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  • $\begingroup$ This method also forces humans to fight on the sea-dwelling species turf, giving them an intrinsic advantage in the conflict. The humans either have to fight to preserve water-based economic trade routes (which account for 90% of trade on earth) or be economically crushed. Either way they are forced into a tactical lose-lose scenario. $\endgroup$ – TKOW Feb 24 '18 at 21:07
  • $\begingroup$ Good idea. However, how would this work if the humanoids were concentrated on one continent? Just curious. $\endgroup$ – Hazard Feb 25 '18 at 1:14
  • $\begingroup$ Edited my comment to answer this situation. $\endgroup$ – Sasha Feb 25 '18 at 4:49
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I could think of multiple ways that your sea creatures could attack land dwelling humanoids assuming they have the same level of technology.

If they are capable of building functional vehicles as described then they obviously would have reasonably efficient ways to mine materials and create large constructs. One idea would of course be for them to build water filled weaponized mechs, but this would most likely be far to expensive to do for the entire military force, and only worthwhile if the mechs were extremely overpowered and capable of taking out large amounts of enemies at a time. Other vehicles, like planes or amphibious tanks, might have a better chance.

A much more effective strategy might be to use ranged weapons capable of being launched underwater, perhaps even nuclear missiles is your species can create them. However if that were the case than the humanoids could likely use the same method against them. Either way the war would be over quite quickly.

The sea creatures would obviously have a huge advantage underwater. If they waited for the humanoids to attack them, which would probably require the use of submersibles, the sea creatures would have a pretty good chance of winning. This might be the most effective strategy for them to win.

Overall if the sea creatures are attacked by the humanoids then fighting them underwater would most likely be the best solution. On the other hand, if the sea creatures are attacking, ranged weapons would probably be the way to go. Either way, with the same tech as the humanoids they should have a decent chance.

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So, my question is, could the sea-dwelling species attack the land beings, and possibly win?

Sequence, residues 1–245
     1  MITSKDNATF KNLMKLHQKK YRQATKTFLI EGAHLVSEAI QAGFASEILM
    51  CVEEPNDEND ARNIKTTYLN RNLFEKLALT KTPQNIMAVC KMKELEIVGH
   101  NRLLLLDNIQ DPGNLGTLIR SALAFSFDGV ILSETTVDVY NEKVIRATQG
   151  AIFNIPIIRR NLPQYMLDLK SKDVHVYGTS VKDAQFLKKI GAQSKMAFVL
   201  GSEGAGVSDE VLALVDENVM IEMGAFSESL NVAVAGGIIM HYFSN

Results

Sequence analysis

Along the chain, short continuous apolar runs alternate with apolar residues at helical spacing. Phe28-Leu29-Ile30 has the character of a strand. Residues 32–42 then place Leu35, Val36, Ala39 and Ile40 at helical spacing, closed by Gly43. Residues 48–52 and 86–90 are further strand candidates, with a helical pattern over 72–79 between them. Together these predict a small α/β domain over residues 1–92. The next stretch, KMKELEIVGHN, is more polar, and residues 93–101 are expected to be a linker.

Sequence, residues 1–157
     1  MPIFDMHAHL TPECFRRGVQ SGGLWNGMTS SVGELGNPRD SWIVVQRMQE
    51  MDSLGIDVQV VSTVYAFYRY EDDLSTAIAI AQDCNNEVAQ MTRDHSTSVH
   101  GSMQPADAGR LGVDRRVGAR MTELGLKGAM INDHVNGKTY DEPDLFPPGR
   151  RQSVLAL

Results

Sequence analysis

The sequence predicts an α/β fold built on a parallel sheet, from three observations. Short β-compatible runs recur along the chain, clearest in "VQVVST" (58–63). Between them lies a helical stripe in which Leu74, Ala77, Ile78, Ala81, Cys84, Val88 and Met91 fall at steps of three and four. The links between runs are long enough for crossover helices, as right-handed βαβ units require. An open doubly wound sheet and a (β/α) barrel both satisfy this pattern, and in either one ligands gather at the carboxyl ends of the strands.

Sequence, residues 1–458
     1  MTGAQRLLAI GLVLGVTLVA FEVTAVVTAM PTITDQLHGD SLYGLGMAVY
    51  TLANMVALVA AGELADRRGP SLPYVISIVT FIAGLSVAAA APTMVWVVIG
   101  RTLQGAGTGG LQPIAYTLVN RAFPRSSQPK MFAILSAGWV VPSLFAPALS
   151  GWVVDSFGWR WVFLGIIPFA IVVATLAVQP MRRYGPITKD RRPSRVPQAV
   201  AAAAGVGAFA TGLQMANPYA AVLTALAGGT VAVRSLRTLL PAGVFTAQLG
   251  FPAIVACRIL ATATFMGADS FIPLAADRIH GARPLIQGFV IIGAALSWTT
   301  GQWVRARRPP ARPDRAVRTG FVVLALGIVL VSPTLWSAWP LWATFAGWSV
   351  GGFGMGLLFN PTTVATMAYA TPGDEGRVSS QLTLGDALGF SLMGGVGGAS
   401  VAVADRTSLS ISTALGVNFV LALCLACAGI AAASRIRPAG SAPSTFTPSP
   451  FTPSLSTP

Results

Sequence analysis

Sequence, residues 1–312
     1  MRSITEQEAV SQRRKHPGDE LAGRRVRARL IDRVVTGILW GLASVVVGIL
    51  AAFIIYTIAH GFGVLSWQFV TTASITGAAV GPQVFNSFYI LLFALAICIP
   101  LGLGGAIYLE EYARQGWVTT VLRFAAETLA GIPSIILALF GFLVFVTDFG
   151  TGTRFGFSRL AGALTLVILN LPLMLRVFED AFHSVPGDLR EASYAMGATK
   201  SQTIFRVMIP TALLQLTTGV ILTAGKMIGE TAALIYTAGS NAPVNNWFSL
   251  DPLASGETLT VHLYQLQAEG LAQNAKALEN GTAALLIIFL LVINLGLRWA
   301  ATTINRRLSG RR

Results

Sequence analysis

This depends on what "win" means. With a surprise attack an inferior enemy can win a battle. I can suckerpunch some huge dude and then kick his head when he is down and then run away with his hat. I win!

Then a war - what is it to win a war? Most human wars are not fought with the objective of exterminating the other side. Human wars are either wars of conquest or political disputes. The merfolk have no use for dry land so it must be a political dispute.

What kind of political disputes might arise between merfolk and drylanders?

  • The drylanders are fishing where they should not and they will not quit. The merfolk attack the boats of the fishermen and then of merchant mariners and then of the navy ships. The drylanders do not see it worth their blood and treasure to keep fighting over some fishing grounds. The drylanders sue for peace, agreeing to give up the fishing grounds in exchange for cessation of hostilities. The merfolk win.

  • The merfolk make periodic raids on human settlements, because they crave liquor and sugar. These raids are destructive. The humans make punitive strikes to dissuade them. It is politically expedient for the merfolk leaders to rally around the cause, and the merfolk make a disproportionate military response, slaughtering an entire human village. The human leaders are concerned about this sort of ferocity as it suggests the merfolk may not be entirely rational. The humans sue for peace, promising a periodic tribute of liquor and sweets (and by doing so, open lines of communication with the merfolk). The merfolk win.

  • The merfolk are well and truly pissed at a country of land-dwellers who will not leave the mermaids alone. They wait until the weather is dry and then emerge in force and conduct a Chevauchée through the farmlands using that fascinating and land-specific weapon of mass destruction, fire. Eventually the merfolk raiders are driven back into the ocean but the agricultural basis of the country has been crippled. These land-dwellers turn to their neighbors for help but their neighbors do not like them any better than the merfolks do. In the early spring the land dwellers numbers are depleted by famine and many have left as refugees. When the merfolk come back to finish the job the remaining military flee. The merfolk win.

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  • $\begingroup$ Winning in this case would be capturing the humanoids and enslaving them, forcing them to labor in the mines on land where the merfolk cannot go, and similar grueling tasks. $\endgroup$ – Hazard Feb 25 '18 at 1:17